Debunking I-Dosing Digital Drugs

HeadphonesCrunchGear’s Nicholas Deleon debunks the idosing digital drugs story:

One hundred percent nonsense. That’s the only way I can describe the story going around talking about how teens are “getting high” while I-Dosing. I tried using I-Doser nearly three years ago, and let me tell you something: it’s bunk. Well, the science is there, but don’t equate it to “getting high.” Do not call your congressman trying to get it banned or whatever because you’d simply be wasting your time.

The story, which seems to have originated in The Daily Mail, focuses on YouTube videos that young people have posted, each apparently showing them “freaking out” while I-Dosing. Because bored teens would never post untruthful videos to YouTube, right?

This is all basically Reefer Madness for the iPad generation.

The actual act of I-Dosing isn’t all that new. It’s based on an old audio technique called binaural beats, which was discovered in the 1800s.

The danger of I-Dosing, I suppose, is to to get young people comfortable with the idea of doing drugs, which could make them more willing to actually do drugs later on in life. You know, because listening to two tones of audio is the same as rolling.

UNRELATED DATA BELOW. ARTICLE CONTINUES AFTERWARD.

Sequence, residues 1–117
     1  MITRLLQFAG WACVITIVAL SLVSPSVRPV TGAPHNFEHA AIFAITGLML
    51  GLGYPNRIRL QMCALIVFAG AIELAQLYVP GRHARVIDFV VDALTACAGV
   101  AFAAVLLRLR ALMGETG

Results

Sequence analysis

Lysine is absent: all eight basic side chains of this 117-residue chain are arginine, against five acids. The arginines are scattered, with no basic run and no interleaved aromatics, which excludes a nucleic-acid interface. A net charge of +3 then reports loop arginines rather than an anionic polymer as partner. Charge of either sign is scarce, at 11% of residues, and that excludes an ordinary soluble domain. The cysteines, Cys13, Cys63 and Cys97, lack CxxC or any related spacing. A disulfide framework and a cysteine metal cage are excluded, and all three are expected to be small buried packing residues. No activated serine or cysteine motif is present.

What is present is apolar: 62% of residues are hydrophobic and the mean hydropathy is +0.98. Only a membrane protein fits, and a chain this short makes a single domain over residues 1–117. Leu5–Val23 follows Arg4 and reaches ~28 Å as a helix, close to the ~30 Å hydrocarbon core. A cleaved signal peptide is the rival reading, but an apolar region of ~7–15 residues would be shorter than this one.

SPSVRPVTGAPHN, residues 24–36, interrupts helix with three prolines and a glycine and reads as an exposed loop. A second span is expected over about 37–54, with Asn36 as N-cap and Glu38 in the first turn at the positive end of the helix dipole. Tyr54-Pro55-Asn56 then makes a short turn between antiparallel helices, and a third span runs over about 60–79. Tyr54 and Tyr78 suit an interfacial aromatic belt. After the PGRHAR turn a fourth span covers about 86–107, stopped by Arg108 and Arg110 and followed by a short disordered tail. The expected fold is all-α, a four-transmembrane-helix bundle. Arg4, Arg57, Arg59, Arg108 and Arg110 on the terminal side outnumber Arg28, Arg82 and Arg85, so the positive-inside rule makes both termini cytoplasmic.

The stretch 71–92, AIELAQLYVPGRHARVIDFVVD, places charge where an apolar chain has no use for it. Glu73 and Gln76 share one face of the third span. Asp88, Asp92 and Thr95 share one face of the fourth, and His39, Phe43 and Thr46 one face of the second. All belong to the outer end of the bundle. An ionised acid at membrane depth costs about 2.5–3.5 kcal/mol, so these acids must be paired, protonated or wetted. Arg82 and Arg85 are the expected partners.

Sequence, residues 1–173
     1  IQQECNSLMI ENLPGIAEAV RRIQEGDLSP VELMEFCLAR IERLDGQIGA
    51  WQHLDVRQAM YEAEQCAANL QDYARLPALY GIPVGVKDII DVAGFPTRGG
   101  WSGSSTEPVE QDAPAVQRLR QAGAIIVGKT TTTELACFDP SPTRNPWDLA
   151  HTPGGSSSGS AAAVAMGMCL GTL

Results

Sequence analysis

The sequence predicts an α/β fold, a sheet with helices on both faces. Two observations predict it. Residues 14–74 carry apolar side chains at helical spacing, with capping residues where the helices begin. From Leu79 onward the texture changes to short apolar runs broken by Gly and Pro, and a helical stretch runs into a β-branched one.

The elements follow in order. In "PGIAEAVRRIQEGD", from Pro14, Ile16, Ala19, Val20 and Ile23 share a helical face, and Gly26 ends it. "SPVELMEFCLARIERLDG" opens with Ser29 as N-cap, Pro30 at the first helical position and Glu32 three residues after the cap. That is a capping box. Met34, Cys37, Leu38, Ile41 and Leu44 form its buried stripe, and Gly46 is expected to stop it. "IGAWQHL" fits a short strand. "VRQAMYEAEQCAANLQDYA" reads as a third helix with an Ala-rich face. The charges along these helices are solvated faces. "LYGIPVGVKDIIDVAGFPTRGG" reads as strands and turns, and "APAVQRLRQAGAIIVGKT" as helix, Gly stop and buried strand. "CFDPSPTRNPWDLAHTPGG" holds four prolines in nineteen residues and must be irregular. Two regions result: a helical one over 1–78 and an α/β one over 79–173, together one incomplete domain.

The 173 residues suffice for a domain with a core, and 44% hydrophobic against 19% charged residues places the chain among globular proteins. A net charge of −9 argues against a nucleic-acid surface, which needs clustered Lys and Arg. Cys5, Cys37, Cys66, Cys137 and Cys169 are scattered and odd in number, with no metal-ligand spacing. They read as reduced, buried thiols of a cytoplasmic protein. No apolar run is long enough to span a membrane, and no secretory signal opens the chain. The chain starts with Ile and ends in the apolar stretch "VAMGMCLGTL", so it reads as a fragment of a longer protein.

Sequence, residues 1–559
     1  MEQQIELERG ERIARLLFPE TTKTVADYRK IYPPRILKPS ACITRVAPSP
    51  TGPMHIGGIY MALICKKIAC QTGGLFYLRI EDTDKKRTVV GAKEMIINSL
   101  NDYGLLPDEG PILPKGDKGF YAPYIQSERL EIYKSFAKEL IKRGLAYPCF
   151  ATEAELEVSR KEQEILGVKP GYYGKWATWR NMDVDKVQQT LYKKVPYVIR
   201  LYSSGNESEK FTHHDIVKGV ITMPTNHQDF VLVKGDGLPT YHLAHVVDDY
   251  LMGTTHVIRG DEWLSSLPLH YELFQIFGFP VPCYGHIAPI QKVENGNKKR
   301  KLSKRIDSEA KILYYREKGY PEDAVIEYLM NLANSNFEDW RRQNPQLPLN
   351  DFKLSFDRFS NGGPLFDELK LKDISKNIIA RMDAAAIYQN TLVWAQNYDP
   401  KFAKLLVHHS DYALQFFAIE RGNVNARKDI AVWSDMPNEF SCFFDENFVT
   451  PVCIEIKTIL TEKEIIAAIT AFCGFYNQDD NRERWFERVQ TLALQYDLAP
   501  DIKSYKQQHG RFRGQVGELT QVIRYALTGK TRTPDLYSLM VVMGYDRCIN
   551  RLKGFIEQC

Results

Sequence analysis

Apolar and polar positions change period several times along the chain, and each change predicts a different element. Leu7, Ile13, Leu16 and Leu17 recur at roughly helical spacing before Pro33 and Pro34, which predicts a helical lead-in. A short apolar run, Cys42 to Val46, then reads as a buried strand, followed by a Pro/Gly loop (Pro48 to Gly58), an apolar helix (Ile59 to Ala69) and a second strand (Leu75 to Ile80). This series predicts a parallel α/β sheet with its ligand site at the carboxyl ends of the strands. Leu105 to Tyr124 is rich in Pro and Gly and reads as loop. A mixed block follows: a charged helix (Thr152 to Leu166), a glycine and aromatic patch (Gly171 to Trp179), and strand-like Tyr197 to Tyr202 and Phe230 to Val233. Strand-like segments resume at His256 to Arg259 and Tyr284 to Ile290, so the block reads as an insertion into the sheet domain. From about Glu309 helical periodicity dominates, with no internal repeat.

I honestly think this is much ado about nothing…

[continues at CrunchGear]

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  • Haystack

    Somebody needs to make a video centered around an outraged mother whose son over-i-dosed, and now, whenever he tries to speak, all that comes out is white noise.

  • Haystack

    Somebody needs to make a video centered around an outraged mother whose son over-i-dosed, and now, whenever he tries to speak, all that comes out is white noise.

  • http://freeidoserdoses.blogspot.com free i doser doses

    I love seeing comments about i-dosing like “gateway drug hurr durr”. People are so outrageous sometimes.

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